Dona Ana, part 2

i want to follow up on the last post about Dona Ana to tell a little more about her patients and to convey a sense of how incredible this woman’s life has been. we returned to her house the next afternoon with plans to spend the night there. when we got there she showed us an upstairs room in the sprawling open-air house that we could sleep in. there were two beds, one of which had 3 tiny, 1-week old kittens in a little pile in the middle. ‘you girls can share this bed,’ she said, pointing to the one unoccpied by adorable animals, ‘because that other one is for the kittens’. this was not a joke. (we actually apprecaited sharing a bed later when it got super cold!)

we headed back downstairs to shadow her with more of her afternoon patients- a guy with stomach pain and a BP of 160/80, to whom she gave essentially DASH diet recs, a course of flagyl and albendazole, and an appt for a blood glucose check the next morning; a couple of ladies there for their routine prenatal care, including BP checks, and lastly, a young woman who spoke almost exclusively Mam and came in already seeming pretty upset. she spoke almost without breathing for a few minutes and stared tearing up when Dona Ana told her to lay down. As soon as Dona Ana felt her stomach, she looked at us and said simply ‘un aborto,’ i.e. a miscarriage. The woman sat back up and pulled out of the pocket of her large, traditional dress a plastic baggie with a folded up piece of notebook paper inside. she handed it to dona ana, who put on a glove and unfolded it, then showed us the contents- el feto. Dona Ana then left for a few minutes to get the antibiotics the woman needed for her UTI, and the woman looked at us and said the only words she spoke in Spanish the whole visit- Perdi mi bebe. i lost my baby.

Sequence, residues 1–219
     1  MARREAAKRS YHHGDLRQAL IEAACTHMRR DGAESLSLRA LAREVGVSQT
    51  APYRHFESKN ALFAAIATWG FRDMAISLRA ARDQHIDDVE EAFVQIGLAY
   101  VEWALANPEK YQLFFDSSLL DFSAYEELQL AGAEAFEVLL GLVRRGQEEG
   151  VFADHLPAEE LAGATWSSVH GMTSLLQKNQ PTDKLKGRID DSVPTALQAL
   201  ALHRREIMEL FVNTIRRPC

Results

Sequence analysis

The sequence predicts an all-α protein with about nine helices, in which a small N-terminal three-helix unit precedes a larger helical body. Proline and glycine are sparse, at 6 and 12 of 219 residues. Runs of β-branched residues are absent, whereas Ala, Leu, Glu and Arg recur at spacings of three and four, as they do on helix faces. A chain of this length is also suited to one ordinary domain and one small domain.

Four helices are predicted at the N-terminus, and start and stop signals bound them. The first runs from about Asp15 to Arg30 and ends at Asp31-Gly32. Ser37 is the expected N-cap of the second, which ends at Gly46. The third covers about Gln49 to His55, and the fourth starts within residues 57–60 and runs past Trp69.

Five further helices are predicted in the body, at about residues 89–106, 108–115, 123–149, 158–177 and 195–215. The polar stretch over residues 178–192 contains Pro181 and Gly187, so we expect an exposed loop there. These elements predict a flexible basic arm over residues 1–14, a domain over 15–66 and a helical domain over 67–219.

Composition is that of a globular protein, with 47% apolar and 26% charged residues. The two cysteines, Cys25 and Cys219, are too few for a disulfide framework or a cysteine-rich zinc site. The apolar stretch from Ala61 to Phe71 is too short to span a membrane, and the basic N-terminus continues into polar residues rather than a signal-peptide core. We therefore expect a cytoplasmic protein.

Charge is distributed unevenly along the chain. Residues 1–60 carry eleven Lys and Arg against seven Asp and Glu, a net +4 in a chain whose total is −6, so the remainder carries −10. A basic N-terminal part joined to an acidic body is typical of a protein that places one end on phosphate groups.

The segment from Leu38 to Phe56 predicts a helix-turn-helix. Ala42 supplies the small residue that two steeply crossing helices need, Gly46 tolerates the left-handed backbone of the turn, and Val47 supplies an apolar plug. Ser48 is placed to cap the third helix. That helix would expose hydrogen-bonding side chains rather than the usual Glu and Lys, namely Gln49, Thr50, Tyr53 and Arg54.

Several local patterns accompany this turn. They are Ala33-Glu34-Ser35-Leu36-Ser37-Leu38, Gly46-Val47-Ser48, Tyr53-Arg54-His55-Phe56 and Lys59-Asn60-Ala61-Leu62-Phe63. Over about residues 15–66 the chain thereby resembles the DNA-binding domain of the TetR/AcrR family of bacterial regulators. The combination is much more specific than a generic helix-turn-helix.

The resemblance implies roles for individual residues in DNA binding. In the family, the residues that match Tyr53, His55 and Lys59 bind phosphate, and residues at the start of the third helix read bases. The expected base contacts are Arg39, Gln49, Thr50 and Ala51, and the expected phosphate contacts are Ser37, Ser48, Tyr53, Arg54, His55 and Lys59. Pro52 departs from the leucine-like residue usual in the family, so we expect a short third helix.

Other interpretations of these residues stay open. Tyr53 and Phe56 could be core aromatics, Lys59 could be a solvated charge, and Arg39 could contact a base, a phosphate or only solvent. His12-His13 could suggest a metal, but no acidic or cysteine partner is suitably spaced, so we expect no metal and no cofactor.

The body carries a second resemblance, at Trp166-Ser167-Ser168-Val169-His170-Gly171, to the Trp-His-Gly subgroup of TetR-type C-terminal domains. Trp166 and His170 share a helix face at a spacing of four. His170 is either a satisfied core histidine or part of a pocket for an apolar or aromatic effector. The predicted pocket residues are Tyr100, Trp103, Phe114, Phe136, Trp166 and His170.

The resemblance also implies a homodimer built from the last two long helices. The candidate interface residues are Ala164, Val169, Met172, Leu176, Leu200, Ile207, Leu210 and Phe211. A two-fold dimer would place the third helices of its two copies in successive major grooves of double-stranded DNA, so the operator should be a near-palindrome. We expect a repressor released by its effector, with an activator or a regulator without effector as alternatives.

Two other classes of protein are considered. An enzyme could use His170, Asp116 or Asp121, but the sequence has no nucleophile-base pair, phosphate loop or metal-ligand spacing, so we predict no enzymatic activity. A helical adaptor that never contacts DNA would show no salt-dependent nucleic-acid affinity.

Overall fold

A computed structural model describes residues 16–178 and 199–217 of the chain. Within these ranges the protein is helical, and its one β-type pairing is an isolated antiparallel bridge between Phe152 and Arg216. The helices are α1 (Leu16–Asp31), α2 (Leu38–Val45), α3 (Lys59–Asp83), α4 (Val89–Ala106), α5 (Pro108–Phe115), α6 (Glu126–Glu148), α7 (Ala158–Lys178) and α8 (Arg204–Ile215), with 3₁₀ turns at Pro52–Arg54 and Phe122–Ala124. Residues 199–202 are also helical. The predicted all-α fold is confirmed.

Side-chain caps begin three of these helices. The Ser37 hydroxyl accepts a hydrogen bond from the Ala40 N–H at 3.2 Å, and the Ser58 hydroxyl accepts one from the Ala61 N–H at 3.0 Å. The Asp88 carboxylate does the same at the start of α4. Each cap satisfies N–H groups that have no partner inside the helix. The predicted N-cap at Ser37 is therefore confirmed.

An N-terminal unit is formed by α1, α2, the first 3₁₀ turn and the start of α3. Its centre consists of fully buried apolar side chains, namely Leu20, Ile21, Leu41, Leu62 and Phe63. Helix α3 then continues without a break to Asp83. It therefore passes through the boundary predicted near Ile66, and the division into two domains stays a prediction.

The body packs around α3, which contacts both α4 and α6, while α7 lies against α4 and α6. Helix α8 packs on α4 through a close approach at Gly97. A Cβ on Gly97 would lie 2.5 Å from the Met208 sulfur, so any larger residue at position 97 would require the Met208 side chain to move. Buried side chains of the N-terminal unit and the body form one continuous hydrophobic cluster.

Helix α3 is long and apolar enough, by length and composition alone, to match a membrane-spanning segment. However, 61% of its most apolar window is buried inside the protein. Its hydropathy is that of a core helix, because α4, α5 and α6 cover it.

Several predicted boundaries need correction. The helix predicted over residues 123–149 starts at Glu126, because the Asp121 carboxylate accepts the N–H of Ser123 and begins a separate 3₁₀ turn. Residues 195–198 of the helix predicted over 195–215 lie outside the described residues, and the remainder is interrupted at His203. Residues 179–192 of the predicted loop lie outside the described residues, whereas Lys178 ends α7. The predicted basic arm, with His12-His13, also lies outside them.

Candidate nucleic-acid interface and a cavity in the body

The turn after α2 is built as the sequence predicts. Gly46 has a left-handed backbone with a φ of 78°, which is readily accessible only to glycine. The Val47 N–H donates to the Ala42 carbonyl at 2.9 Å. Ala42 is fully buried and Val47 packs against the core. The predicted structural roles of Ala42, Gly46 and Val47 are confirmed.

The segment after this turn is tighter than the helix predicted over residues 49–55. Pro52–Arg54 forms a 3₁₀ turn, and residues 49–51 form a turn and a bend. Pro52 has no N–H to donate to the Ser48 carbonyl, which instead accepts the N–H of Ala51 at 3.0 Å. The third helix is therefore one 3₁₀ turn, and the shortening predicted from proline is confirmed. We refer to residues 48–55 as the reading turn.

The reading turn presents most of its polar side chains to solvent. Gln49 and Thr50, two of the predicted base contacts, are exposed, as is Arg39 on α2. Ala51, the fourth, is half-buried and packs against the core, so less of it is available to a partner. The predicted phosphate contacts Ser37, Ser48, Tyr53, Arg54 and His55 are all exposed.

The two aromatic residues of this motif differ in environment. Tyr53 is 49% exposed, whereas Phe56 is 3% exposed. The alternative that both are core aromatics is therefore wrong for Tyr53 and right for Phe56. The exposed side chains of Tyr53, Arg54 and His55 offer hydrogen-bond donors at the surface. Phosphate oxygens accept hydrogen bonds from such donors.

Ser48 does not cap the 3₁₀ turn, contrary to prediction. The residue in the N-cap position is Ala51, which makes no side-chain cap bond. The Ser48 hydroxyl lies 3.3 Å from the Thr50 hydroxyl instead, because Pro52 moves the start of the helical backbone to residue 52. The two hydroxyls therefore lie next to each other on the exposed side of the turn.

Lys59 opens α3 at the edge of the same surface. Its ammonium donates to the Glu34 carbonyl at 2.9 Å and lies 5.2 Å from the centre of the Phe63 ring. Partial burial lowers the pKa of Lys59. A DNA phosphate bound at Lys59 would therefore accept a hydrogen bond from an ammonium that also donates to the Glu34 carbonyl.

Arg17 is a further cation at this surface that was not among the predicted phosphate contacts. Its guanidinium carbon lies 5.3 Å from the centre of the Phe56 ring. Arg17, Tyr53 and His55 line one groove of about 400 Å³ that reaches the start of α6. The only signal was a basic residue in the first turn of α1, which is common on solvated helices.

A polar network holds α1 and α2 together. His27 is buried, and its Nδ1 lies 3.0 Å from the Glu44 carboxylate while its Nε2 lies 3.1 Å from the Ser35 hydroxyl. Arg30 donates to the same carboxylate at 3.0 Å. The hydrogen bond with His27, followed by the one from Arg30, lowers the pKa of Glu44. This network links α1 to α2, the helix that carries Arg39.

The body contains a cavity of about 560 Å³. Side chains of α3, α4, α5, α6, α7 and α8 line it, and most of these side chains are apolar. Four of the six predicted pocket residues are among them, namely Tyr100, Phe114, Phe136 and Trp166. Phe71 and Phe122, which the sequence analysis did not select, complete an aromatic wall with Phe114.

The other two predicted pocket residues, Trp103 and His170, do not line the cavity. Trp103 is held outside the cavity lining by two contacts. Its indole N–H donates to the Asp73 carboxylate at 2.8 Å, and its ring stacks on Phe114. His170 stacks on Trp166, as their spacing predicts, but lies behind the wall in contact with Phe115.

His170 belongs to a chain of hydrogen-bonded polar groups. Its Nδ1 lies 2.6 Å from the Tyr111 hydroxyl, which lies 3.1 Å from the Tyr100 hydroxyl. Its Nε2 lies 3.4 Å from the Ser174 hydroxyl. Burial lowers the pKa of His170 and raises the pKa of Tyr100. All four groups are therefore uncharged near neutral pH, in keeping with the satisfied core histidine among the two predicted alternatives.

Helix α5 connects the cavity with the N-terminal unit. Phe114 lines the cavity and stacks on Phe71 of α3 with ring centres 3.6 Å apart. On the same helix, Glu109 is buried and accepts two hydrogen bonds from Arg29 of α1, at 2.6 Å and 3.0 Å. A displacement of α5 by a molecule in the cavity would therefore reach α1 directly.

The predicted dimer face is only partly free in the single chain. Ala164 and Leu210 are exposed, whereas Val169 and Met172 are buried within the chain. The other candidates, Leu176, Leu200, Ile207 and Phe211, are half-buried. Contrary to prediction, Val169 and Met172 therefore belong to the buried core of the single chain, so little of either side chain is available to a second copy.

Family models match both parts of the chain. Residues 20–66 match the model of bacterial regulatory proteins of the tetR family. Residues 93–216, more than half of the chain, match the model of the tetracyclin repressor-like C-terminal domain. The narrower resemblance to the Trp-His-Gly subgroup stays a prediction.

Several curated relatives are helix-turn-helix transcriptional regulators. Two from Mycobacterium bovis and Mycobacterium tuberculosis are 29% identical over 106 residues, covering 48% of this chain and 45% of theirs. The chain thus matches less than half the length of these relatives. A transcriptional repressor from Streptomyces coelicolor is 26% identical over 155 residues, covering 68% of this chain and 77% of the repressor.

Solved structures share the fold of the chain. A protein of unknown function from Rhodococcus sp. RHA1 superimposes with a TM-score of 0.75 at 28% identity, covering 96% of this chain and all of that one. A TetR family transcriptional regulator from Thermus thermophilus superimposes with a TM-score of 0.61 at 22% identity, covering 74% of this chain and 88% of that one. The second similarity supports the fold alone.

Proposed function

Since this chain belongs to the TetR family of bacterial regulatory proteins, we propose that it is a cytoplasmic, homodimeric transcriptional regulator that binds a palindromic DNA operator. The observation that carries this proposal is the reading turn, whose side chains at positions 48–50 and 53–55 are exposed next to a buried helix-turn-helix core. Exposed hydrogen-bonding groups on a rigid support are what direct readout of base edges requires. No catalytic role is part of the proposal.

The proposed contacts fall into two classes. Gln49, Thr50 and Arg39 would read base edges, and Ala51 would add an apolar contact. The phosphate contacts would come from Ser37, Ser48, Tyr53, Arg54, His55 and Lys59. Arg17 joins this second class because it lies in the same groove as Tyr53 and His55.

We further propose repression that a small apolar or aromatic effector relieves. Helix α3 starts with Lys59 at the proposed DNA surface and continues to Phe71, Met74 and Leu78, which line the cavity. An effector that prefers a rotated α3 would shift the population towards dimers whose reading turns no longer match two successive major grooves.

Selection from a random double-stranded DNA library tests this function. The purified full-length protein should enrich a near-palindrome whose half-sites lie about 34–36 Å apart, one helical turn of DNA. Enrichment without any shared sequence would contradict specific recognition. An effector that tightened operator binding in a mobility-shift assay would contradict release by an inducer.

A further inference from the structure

later over dinner we asked dona ana how she came to be a midwife.

‘My mother was a midwife, and so my first experiences were very young. she had a book that described a lot of medical procedures including labor and delivery, giving injections, and all of that. so i read the book and liked it, but never went with my mother to any of the deliveries. then one day when i was 11 years old, my mother was sick, and a woman came to us and said that her friend was in labor in a pine forest near there, under the trees. my moher said that she couldnt go, but that she would send me. I said I couldn’t, I didn’t know how, but she just explained to me what the steps were, how i should massage the uterus after the placenta came out, and all of that. so i went, and did as she said. and that was my first birth.’

Dona Ana is about 33 years old and has delivered 12,000 babies- as she says, ‘un pueblo.’ she ended up going to nursing school when she was 18, but it was mostly to reinforce what she already knew from years of experience. now she is already delivering the babies of women that she delivered when she was a teenager.

there weren’t any births the night we stayed over, unfortunately, but she said she would call us the next week to let us know when to come. we spent the night listening to the kittens crying, the neighborhood dogs barking, and finally the silence of the country asleep.



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